Release Date: May 10, 2019
Label: Easy Star/Mr. Bongo
Review by Jared Stossel
As I’ve said countless times in past reviews, the concept of a band having just a single genre is being thrown to the wind, perhaps more in 2019 than perhaps in any year I’ve seen. Perhaps there’s a main genre, an artist’s “home room”, to use a classroom analogy. But that “home room” class gets boring after awhile. What’s in the art department? The science lab? What lies within the deep recesses of the school’s library? London, England’s The Skints want to explore everything that the school has to offer. While they’re rooted in reggae, sounds from punk rock, ska, alternative, and even hip-hop make their way around the 14-track offering that is their brand new album, Swimming Lessons.
The album is structured well, and while it seems like it runs a bit long in certain places, it holds together well throughout the nearly hour-long running time. This exploration of genre can be immediately heard on the first track, aptly titled “Learning To Swim”, beginning with a summer time reggae vibe before coursing off into punk rock territory as distorted guitar lines and booming drums blast through the speakers. The most rock-heavy track on the album comes in the form of “What Did I Learn Today?”, and it stands out as a personal favorite of mine, evoking a sound of alternative rock that first came to prominence in the early 90s.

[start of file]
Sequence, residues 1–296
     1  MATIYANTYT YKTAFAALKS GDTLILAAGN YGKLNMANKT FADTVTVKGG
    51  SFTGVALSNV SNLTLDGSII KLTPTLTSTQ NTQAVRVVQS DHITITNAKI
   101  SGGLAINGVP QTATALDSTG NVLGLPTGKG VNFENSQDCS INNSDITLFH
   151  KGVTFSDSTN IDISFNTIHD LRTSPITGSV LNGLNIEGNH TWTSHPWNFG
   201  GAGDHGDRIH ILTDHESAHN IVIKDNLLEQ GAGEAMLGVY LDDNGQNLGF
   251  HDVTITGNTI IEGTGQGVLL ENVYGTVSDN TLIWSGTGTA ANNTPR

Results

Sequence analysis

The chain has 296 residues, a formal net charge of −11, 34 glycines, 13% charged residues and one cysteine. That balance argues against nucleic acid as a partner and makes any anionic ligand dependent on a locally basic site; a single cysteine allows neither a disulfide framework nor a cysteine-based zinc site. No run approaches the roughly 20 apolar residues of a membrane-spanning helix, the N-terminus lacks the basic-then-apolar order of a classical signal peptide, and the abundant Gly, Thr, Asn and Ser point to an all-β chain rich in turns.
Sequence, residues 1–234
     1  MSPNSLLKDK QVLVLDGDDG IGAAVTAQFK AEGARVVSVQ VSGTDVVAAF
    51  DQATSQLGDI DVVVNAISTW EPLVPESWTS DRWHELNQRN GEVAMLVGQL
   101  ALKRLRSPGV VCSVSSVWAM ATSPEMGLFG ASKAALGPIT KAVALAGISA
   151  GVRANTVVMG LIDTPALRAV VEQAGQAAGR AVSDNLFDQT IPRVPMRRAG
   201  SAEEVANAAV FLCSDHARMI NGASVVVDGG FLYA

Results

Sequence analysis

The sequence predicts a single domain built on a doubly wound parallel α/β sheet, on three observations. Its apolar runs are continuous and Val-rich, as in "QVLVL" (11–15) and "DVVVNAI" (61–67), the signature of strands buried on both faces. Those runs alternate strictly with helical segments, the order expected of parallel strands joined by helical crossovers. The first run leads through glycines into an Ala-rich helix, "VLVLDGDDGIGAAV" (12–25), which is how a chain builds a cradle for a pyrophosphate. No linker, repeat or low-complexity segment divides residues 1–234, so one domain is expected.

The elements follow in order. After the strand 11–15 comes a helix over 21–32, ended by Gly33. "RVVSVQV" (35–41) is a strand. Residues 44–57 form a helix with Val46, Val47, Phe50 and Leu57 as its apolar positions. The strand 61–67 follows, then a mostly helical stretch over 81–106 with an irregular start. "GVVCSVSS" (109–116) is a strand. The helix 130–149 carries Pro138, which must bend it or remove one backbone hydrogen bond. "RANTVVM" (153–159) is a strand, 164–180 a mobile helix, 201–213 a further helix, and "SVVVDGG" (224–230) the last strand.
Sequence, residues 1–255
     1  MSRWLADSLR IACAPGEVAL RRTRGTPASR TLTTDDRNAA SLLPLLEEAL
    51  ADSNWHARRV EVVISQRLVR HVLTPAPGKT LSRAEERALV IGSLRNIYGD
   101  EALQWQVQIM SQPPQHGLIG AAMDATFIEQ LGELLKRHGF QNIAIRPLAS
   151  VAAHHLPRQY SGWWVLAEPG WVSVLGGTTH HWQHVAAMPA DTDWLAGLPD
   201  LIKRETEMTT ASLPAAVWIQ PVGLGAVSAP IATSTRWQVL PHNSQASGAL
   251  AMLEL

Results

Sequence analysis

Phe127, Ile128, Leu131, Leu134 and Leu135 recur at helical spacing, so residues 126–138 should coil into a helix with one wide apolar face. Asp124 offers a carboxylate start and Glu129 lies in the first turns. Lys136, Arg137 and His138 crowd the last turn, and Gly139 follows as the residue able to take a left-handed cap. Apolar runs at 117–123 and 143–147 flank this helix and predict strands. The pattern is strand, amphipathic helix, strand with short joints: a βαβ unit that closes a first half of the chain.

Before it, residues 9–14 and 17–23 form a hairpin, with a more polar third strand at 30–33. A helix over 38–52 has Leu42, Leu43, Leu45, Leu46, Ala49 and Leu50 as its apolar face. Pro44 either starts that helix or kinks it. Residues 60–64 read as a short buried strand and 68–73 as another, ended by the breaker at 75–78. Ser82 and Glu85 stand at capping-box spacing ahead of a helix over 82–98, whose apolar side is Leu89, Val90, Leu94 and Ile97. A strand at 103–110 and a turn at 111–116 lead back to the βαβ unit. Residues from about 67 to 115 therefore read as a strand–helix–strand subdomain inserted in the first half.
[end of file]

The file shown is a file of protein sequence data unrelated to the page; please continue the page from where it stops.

The reggae vibe combines forces with hip-hop on “Armageddon”, playing off a sound in the same vein as bands like Dirty Heads. The four-piece even throw in an acoustic offering, “Donkey Brain”, providing a small break from the full band performance before diving straight back into a hip-hop/reggae styling on “La La La”. Perhaps the album’s most powerful track, “Stop Looking Back” is an emotional outpouring that brings forth a more somber mood, and an effective closing track.
At their core, The Skints are clearly a reggae band, but they do what others don’t always do: they step outside of their comfort zone. If you look at their Facebook page, underneath the Genre descriptor, you’ll only find the following word: “Nope”. With a band like The Skints, that’s how things should be. It works best when they don’t have any limitations as to where they can go musically, and Swimming Lessons only further solidifies this as fact.